tremendous malfeasance in the re-hab world,and as a optimist by nature, I think we need a
    a think tank akin to the”Manhattan Project” to fix the ills of the recovery template.

    Unfortunately, if an addict is not ready,efficacy in the short term goes out the window. That does not mean he should be castigated and thrown to the street corner-we need to offer him harm-reduction as you say. You quote my hero,William Miller, who is not afraid to say “the best counselors are not necessarily the best educated but the most charimatic”. I have seen time and time again the later get fired,because the head counselor’s ego could not tolerate the better instincts of the less educated but more empathetic counselor.

    The only place I feel you are a tad mis-guided is in your overall negativity of AA. I agree !00%that profit centers like the Minnesota Model should find their own paradigm and not mimic AA-that is pathetic to me and always has been. And the fact that other TC’s use 12 step therapy in their advertising is egregious. However, as far as AA’s functionality as a free standalone rehab option it is a godsend to many. Forget that higher power assertion and AA is a place that is in fact communistic(The Transcendentalists view of the world) where a group conscious can be a very powerful thing. Furthermore, AA(you have to find the best meeting for yourself) has always offered kindness and a couch to sleep on and a meal-which is non-existent in any profit center rehab. My experience has always been that any collective put-down of AA is really just alcoholics projecting denial-AA is just free group therapy-you either like it or not but do not pounce on it.

    Finally,the Nora Volkow’s of the world have done some great neuro-science in this field(which I have studied and written about) but there is no one to follow through(big pharma is interested in AD,MS and other Neurological diseases)and Addiction Medicine
    for all intensive purposes unavailable for people with gov’t insurance and even regular insurance-they take cash…And it isn’t psychiatrist’s fault that they get reimbursed at’60’s
    DRG’s. Worst of all,is the 28 yr old

  • Ken g

    ( continuation of other comment)overworked Psychiatrists at the profit centers-they are forced to diagnose everybody with either BP1 or BP11 and prescribe them one of the atypical anti psychotics that make them heavy and diabetic in short order.

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  • disqus_Quri44IJyq

    Best article I’ve read on this in a while – I am reposting and sharing.

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  • Hil O

    While the article has a lot of terrific insights, I believe there are a number of generalizations. One example is that most licensed or state approved programs that receive insurance or state funding for inpatient or outpatient treatment are required to use evidence-based programs. Another is the comment about the goal of 80% of programs being to connect their clients to 12 Step fellowships. What the statistics I saw really showed was that 83 % of 14,148 utilize 12 Step Facilitation Therapy. The stats did not say it was used with other ones. In fact, Substance Abuse Counseling, Relapse Prevention, CBT, Motivational Interviewing, and Brief Interventions were all rated as being used more than 12 Step Facilitation Counseling. With that said, counselors are supposed to practice counseling not AA or NA. Most of us do. The interesting thing is that alcohol counselor certification existed in some stated of the US before counselor licenses existed. The other concern I had about the article was the comment about Therapeutic Communties. Yes, they were modeled on Synanon back when they started but most have been significantly modified. I directed one once for 5 years. Only one staff person ever tried to treat someone they way they were treated in a concept TC. He never worked another shift in that program. I have worked in the field since 1977 and have never worked at a program “where where beating, sleep-depriving, sexually humiliating and starving patients are seen as acceptable.” If I had, you can be sure the police would have been called. The author has a lot of great ideas but it would be terrific if they had broader experience in what the majority of the field is an isn’t doing. This is not the 70’s.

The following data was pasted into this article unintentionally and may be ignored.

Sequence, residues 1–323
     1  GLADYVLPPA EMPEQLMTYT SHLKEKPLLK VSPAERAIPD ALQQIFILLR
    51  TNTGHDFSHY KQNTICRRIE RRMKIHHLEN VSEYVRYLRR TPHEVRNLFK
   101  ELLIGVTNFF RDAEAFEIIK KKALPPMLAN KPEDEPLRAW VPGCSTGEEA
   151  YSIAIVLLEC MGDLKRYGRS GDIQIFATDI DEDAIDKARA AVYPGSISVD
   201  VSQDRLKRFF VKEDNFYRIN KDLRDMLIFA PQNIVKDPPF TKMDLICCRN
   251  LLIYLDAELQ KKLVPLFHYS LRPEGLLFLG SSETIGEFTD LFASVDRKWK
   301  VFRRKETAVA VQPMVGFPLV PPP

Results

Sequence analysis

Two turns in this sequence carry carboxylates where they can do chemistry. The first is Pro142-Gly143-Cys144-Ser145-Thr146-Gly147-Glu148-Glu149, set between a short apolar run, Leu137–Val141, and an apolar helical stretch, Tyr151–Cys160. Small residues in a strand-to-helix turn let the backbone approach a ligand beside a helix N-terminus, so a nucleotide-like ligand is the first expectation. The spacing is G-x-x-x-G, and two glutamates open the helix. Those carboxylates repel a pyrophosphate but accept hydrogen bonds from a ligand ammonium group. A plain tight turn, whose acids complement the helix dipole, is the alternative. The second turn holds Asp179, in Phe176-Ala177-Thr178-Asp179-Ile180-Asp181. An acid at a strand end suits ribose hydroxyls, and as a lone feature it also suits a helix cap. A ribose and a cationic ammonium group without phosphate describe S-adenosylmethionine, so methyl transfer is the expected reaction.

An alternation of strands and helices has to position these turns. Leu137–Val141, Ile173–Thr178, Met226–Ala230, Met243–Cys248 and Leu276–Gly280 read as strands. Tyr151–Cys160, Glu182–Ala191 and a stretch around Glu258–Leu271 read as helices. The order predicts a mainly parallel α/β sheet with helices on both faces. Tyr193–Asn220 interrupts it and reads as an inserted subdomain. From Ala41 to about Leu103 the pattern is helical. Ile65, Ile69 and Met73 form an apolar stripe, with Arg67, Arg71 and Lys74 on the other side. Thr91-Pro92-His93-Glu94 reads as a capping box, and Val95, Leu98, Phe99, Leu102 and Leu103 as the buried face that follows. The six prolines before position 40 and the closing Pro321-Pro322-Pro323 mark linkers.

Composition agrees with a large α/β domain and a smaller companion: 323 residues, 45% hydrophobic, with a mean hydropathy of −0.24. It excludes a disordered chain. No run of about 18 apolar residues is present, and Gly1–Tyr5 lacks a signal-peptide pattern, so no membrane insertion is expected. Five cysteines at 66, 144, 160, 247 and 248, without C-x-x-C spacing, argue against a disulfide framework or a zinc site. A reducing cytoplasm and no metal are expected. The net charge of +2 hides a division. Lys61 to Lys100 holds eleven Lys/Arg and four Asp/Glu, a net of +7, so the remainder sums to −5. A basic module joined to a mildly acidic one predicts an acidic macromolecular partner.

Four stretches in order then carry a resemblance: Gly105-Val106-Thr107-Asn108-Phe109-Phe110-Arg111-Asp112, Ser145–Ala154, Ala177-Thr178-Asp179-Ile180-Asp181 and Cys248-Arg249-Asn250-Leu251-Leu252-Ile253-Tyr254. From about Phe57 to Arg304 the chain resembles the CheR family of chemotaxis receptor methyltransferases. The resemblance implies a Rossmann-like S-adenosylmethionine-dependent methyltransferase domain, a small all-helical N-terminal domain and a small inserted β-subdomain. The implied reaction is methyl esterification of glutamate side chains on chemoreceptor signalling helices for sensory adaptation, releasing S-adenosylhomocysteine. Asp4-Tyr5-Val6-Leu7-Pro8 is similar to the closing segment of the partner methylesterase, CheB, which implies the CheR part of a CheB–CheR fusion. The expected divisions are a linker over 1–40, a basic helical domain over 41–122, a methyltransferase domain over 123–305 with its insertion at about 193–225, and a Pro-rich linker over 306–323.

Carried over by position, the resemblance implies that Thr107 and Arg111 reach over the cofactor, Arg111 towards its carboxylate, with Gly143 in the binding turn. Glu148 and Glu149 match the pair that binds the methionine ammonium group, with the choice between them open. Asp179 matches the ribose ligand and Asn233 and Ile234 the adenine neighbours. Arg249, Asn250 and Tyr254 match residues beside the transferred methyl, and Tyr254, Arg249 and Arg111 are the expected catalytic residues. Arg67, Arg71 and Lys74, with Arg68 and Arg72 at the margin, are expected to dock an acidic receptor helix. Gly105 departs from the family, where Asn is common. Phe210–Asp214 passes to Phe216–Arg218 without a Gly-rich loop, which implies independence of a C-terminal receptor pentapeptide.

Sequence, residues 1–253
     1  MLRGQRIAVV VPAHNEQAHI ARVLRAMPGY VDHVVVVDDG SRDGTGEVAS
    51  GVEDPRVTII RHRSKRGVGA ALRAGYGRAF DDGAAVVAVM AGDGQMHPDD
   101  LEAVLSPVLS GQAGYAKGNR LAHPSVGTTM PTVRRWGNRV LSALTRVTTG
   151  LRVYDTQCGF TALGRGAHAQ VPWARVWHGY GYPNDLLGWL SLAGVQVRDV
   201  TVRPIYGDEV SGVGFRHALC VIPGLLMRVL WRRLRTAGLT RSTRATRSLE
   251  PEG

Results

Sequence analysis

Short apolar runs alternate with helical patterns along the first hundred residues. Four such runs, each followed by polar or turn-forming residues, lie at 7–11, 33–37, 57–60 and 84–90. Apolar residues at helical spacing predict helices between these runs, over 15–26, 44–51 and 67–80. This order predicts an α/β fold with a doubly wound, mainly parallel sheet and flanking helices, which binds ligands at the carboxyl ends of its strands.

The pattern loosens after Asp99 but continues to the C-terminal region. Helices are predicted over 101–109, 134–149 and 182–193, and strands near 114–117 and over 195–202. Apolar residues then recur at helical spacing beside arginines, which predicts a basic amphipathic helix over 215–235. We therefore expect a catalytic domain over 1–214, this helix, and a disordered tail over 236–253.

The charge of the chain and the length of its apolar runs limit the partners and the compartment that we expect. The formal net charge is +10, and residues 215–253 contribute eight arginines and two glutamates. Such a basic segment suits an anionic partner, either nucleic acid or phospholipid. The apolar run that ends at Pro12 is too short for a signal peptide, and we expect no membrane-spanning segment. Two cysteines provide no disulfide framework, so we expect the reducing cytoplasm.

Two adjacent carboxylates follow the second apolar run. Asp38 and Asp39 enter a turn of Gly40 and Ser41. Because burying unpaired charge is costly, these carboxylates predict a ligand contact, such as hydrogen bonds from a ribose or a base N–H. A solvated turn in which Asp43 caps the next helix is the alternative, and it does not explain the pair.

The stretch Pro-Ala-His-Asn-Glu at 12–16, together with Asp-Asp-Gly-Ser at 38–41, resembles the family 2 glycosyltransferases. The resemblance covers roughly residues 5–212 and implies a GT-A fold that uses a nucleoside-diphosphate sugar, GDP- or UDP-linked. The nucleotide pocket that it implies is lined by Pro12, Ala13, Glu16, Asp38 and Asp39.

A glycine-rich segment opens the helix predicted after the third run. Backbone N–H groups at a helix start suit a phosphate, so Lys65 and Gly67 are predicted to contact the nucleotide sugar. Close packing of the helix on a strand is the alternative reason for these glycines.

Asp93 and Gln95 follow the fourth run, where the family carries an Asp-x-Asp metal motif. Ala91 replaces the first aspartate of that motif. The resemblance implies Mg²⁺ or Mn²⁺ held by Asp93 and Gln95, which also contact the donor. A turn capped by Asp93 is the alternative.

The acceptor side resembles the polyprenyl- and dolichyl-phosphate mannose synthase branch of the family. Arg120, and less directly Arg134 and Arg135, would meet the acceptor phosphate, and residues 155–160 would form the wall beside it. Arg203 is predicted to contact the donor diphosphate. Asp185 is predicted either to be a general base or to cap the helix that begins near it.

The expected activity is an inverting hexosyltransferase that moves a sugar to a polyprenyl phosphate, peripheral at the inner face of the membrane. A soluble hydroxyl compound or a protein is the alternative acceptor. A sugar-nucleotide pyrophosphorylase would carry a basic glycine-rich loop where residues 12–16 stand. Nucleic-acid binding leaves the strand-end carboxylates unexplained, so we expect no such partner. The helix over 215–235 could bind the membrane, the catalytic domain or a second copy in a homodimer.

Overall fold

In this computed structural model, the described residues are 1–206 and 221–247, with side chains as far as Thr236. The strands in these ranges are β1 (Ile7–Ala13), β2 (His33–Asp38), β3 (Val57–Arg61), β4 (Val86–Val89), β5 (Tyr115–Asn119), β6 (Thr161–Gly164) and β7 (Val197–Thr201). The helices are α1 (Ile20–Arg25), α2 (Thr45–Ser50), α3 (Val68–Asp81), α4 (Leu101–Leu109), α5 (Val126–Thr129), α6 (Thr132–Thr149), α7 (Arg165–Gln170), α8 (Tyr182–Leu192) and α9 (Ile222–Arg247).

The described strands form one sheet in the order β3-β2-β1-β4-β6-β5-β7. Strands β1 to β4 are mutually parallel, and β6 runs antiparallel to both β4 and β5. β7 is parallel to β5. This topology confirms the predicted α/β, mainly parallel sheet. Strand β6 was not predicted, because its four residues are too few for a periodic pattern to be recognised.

• That 80% statistic should be much lower because any facility that takes SAMHSA Funding should not be using religious methods like 12 Step Facilitation.

      Rules for SAMHSA/SABG Providers:

      § 54.3
      Nondiscrimination against religious organizations.

      (a) Religious organizations are eligible, on the same basis as any other organization, to participate in applicable programs, as long as their services are provided consistent with the Establishment Clause and the Free Exercise Clause of the First Amendment to the United States Constitution. Except as provided herein or in the SAMHSA Charitable Choice provisions, nothing in these regulations shall restrict the ability of the Federal government, or a State or local government, from applying to religious organizations the same eligibility conditions in applicable programs as are applied to any other nonprofit private organization.